21. Can’t decide on a bouquet for Maori TV for its decision to show 10 Conditions of Love or a brickbat for screening a Chinese government documentary immediately afterwards.

    • Can’t decide on a bouquet for Maori TV for its decision to show 10 Conditions of Love or a brickbat …

      A bouquet surely, if only for resisting Chinese bullying.

  22. I agree with your bouquet for Outrageous Fortune, last night’s cameo role by George Henare was an absolute gem.

  23. baz, make that two. I watched some 15 minutes of one programme of Outrageous Fortune in Series One, 5 minutes of another from Series two and on both occasions found other far more productive things to do. It ranks alongside of Coro St and Shortie St as “entertainment”.

    Probably why BE enjoys it, come to that.

    Top tv hour of the week for me is the doco hour on Maori. Unmissable.

    • It ranks alongside of Coro St and Shortie St as “entertainment”. Probably why BE enjoys it, come to that.

      Now that’s just plain rude, Probligo. And you’re starting to sound rather elitist. I’m also a fan of Maori TV and an avid watcher of documentaries. But sometimes you want a hamburger as a change from meat and two veg. Outrageous Fortune is well made escapist entertainment. And, for your information, if we didn’t have soaps, we wouldn’t have serious drama either. Soaps, from Close to Home to Shortland Street have been the training ground for our actors, directors, producers etc. Soap provides the essential base of the drama triangle.

  24. I also commend MaoriTV for showing the China Government film after the Uighur doco. NOT because I have any support or affiliation for the Chinese government; quite the opposite.

    By showing the “press release” (about the most polite and desriptive appelation I can find) anyone watching it should be able to see through the propaganda to the underlying truths. If they can not, then that shows the importance of broadcasting this and similar propaganda releases.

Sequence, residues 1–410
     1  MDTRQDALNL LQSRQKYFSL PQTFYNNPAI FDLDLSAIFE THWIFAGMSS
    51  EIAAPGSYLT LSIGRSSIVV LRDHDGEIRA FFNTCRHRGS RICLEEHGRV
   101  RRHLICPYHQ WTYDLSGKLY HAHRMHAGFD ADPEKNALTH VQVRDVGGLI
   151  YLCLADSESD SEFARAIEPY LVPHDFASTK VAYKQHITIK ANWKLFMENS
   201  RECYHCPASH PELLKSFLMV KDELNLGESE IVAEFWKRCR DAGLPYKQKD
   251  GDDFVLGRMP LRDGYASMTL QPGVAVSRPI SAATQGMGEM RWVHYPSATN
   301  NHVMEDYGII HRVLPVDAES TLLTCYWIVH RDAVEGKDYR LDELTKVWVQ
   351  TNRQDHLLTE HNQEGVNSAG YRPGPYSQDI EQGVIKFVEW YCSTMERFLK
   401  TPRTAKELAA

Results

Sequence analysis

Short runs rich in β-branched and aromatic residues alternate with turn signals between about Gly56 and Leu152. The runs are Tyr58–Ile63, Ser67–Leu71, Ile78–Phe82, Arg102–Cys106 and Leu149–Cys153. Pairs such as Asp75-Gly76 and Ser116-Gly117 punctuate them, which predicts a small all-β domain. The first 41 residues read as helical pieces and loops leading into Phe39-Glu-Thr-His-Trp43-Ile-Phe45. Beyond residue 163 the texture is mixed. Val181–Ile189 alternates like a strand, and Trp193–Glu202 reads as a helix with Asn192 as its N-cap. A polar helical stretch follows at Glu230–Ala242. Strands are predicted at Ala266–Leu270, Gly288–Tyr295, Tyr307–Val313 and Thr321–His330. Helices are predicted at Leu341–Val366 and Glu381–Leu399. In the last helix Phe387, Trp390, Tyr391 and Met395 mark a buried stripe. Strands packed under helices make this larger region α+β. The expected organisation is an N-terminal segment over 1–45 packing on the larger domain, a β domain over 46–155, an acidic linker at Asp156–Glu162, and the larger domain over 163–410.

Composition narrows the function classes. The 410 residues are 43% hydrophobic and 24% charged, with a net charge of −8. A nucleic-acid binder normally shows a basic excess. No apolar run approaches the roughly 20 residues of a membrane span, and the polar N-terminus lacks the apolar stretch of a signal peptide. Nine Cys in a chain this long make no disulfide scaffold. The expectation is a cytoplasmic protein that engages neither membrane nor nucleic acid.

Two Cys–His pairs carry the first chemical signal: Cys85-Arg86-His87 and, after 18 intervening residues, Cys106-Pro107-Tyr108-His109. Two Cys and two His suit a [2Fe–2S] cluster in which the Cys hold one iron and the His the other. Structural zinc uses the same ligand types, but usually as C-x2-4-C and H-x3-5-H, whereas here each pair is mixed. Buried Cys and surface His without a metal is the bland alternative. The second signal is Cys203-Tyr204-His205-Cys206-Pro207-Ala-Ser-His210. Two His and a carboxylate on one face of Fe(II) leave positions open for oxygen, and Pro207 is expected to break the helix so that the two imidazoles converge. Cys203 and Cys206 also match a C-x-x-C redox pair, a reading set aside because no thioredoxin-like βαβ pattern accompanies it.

Why? Simply so that we all can learn to recognise government propaganda when it appears on our screens. Whether it is government sponsored “analysis” of riots in China, or police action against Te Urewera in this country, we the general public must be able to recognise what we are being told for what it is.

    The structure, the language, the false and broken logic are all typical.

    We must learn.

  25. “Outrageous Fortune is well made escapist entertainment.”

    …for those who need the escape in that form. I read a book, have hobbies… Is that being elitist? Or is it simply a different way of spending an evening.

    “Soaps, … have been the training ground for our actors, directors, producers etc. Soap provides the essential base of the drama triangle.”

    Time was when people used to go to their local theatres, the local repertory… as audience or as players.

    BE, I don’t think it is elitist to take part, to do anything for the pure love of taking part. And you can learn one heck of a lot doing it as well.

    Spending an evening sitting in the lounge watching moving wallpaper…

    • “Outrageous Fortune is well made escapist entertainment.”

      My wife, a professional dramatist and television scriptwriter, tells me there was almost no professional theatre in New Zealand before television. Our best theatre people went overseas. Professional theatre is now in good health here and there is a lot of cross-fertilisation with television.

      Me speaking now: The elitism does not lie in your preference for reading and hobbies. Nothing wrong with that. It lies in your dismissing other forms of entertainment and other tastes as somehow inferior.

  26. And your wife is right. There were the likes of local dramatic societies and repertory, where anyone including local joes like myself could have their chance of learning the crafts of the stage. Well, in my case more a making an ass of himself. But there were the opportunities behind the stage as well.

    As for ” …dismissing other forms of entertainment and other tastes as somehow inferior.” I see only the difference in taste.

    That seems something that you are unable to accept. It seems that dissent from the Edwards’ approval is not to be accepted.

    Well, I’m off to my monthly meeting of the Luddites.

    Ka kite, Brian.

    • And your wife is right.

      I often wonder if people read what I write. That these things are all matters of taste is precisely my point. Cheers anyway.